EndSARS: House-to-house search illegal, unconstitutional

November 3, 2020


By Adebisi Onanuga
A civil society group, Access to Justice (A2J) has said the directive given by some state governors to security agencies to embark on house-to-house search to recover items looted by hoodlums during the #EndSARS protests was illegal and unconstitutional.
The group therefore advised all levels of governments that are pursuing what it described as ”obnoxious and illegal policies” to end them now.
The group in a statement signed by its convener, Joseph Otteh and Project Director, Deji Ajare made the clarification in a statement issued in Lagos State titled: “Unconstitutional and Illegal to Conduct House-to-House Search of Citizen Houses As A Way To Retrieve Looted Warehoused goods.”
A2J noted that many Governors and the FCT Minister have resorted to giving ultimatums to their citizens for the return of property and items removed from government and private warehouses, following widespread raids of those warehouses in the wake of the #ENDSARS protests.
The group noted that most of the looted warehouses housed goods, food stuff mostly which were purposed for distribution to the poor following the measures taken to contain the COVID-19 pandemic but had not, at the time of the raids, been done.
It further noted that some state governors said after expirations of the ultimatums given, they would authorize a house-by-house search of residents’ houses in order to recover looted items and prosecute the looters.
The group listed such governors to include “Governor, Senator Ben Ayade of Ceross Rivers State who ordered security agencies in the state to search houses to recover looted items; Osun State Governor, Gboyega Oyetola, has threatened to commence a house-to-house search by security agents for unreturned loot; likewise, Kaduna State Governor, Nasir El-Rufai has ordered a house-to-house search for looted COVID-19 relief materials, and the list is growing. In fact, the Governor of Adamawa State Ahmadu Fintiri has threatened to issue an “Executive Order” requesting door to door search of residents’ homes. He further said that he would, upon finding any looted items in any house, in addition, withdraw the Certificate of Ownership of the house(s) and demolish them.
Access to Justice argued: “ house-to-house search for looted relief or other materials, without a valid search warrant duly issued by a court of law, is unconstitutional.
“Under Nigeria’s Constitution, no State Governor has the right to order a house-to-house search of any residential or other building. Nigeria’s Constitution, in section 37 provides that: “The privacy of citizens, their homes, correspondence, telephone conversations and tele graphic communications is hereby guaranteed and protected.”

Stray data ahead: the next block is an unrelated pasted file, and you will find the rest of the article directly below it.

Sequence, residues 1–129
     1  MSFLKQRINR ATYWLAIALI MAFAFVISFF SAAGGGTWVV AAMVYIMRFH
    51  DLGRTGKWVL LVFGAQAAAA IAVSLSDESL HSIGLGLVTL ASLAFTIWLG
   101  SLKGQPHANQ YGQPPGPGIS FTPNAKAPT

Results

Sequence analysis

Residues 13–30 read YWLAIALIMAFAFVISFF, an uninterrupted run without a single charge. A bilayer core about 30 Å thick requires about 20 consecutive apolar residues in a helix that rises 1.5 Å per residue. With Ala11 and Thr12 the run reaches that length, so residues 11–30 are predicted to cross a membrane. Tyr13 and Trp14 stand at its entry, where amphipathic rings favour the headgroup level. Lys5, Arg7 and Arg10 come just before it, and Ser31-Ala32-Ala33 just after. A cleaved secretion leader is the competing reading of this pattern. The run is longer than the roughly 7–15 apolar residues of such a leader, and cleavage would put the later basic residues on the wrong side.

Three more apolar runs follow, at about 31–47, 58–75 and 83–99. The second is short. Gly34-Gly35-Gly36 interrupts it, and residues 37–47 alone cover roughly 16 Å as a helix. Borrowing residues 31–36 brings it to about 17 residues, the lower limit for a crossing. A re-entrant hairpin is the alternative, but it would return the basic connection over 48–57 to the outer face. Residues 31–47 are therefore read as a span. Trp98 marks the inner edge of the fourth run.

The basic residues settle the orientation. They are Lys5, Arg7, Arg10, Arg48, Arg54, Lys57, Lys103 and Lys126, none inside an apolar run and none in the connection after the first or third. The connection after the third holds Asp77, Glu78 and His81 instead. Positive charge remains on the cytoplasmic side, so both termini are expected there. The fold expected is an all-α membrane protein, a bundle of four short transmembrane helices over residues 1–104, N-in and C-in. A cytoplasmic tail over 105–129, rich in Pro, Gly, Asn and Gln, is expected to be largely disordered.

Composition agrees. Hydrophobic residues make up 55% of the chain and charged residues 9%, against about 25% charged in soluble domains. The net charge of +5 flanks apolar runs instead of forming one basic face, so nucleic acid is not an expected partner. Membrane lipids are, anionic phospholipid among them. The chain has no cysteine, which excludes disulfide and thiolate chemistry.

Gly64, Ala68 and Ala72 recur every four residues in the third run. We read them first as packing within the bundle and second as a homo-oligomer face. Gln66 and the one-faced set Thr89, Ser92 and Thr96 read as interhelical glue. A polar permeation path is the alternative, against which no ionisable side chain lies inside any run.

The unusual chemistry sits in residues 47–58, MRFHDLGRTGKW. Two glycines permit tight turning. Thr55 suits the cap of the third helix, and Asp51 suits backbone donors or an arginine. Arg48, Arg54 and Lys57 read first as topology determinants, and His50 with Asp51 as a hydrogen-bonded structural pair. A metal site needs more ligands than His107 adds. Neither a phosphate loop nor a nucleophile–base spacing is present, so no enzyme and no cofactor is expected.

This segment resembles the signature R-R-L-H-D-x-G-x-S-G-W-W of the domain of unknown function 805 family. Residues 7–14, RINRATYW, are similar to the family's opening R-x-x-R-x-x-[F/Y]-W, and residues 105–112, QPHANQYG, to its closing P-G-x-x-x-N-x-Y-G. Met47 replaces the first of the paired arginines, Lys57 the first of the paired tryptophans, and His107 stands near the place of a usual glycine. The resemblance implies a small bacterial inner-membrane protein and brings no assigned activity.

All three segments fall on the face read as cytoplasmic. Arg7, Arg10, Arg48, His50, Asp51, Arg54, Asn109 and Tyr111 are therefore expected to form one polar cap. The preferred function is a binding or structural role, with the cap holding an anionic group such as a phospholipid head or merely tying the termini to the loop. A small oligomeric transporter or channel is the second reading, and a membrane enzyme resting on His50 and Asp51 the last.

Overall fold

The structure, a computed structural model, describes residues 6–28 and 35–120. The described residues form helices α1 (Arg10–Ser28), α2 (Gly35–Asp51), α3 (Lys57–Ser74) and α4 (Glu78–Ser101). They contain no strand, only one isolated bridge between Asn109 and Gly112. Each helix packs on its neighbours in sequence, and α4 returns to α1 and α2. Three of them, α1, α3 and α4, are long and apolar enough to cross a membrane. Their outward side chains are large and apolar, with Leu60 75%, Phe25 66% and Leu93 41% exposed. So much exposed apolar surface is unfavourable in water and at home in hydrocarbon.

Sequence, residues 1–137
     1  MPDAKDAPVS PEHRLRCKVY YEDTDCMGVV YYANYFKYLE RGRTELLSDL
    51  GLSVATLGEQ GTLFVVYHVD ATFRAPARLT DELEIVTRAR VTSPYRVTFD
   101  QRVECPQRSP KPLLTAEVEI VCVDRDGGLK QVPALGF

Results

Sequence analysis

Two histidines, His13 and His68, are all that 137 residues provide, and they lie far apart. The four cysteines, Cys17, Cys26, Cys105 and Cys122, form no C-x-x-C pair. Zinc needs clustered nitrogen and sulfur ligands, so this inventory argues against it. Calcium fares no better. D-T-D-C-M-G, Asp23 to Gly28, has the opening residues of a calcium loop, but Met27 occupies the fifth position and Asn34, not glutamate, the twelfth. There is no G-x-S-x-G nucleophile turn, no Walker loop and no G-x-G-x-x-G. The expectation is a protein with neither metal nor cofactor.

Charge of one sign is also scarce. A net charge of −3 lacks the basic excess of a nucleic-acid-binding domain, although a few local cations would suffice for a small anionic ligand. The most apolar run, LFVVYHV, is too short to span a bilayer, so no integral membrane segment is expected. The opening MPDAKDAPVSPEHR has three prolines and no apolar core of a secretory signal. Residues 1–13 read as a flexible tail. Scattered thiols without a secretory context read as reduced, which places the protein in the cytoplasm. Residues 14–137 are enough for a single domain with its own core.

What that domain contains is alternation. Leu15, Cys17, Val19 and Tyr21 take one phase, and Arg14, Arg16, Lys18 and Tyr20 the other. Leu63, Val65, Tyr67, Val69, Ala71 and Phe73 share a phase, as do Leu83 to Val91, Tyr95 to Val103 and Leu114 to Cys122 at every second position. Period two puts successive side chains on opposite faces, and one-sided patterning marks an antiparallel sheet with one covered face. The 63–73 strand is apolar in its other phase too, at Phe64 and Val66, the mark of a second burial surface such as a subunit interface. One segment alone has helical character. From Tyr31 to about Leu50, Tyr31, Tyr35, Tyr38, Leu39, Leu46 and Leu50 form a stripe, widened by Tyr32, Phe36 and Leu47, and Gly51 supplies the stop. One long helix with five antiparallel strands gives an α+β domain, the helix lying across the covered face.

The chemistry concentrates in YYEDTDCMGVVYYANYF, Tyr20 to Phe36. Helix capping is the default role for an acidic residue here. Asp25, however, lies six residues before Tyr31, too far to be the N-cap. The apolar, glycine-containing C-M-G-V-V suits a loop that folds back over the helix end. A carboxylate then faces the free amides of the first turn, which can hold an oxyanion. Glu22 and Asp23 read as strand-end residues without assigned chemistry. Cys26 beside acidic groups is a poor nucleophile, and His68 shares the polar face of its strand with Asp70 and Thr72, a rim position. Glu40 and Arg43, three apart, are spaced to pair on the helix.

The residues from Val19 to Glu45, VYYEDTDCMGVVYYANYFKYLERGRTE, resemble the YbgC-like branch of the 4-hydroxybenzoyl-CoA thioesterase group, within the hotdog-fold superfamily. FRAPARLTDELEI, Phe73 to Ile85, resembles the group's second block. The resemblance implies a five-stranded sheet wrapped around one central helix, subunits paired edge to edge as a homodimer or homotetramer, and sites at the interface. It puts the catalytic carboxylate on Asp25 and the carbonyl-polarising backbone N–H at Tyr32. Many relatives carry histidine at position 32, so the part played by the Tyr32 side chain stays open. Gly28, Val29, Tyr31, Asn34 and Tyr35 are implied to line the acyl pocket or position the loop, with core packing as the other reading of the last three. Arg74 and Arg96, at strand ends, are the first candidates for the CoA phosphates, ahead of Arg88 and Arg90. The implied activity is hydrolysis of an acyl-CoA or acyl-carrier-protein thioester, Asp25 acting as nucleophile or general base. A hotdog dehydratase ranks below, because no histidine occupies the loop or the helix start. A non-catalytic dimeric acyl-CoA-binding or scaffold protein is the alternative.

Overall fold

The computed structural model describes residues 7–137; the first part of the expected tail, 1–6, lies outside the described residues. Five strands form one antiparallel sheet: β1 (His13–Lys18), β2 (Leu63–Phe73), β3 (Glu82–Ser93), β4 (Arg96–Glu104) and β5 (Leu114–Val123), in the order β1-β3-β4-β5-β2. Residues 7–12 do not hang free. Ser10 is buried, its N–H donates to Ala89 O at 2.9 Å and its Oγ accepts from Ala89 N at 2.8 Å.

To search a house, the group said the state would need a search warrant issued by a court, in accordance with the various laws of each State. Under the Administration of Criminal Justice Act 2015, for example, section 144 outlines grounds upon which a search warrant may be made.
It said the purpose for using a judicial procedure to obtain a search warrant is to ensure that there is rational and reasonable justification for intruding upon the constitutional right of every citizen to privacy. No Governor can usurp the powers of a court in this respect and no “Executive Order” can confer such a right.
Access to Justice urged all governments, Federal and State, to take the path of the rule of law and resist the urge to ride rough-shod over the Constitution of Nigeria with respect to the said lootings.
It said:”sending security agents to go from house to house in search of looted property is fraught with all kinds of risks, particularly at this time. Officers of law enforcement and security forces may be in the mood for reprisals and want exact a pound of flesh over the unfortunate events of the last couple of days, and can easily scapegoat anyone they find, (capriciously), to fit pre-formed stereotypes of a looter; they may want to exact revenge for other grievances against their adversaries, or simply to use any proxies they find to get back at civil society for daring to mount a protest against police brutality. House-to-House searches are fraught with all of these risks.
“Also, the implementation of such an order will very likely use very discriminatory patterns. It is very unlikely that the domiciles of people with political, economic and social power and status will be searched in this manner; only the habitats of the vulnerable and the poor will likely be subjected to these unconstitutional violations.
“In its implementation therefore, door to door house searches will likely be shown to be a policy judgment against the poor and a government-authorized attack on, and parody of the weak, poor and vulnerable, as well as an invidious stigmatization of that community”, it said.

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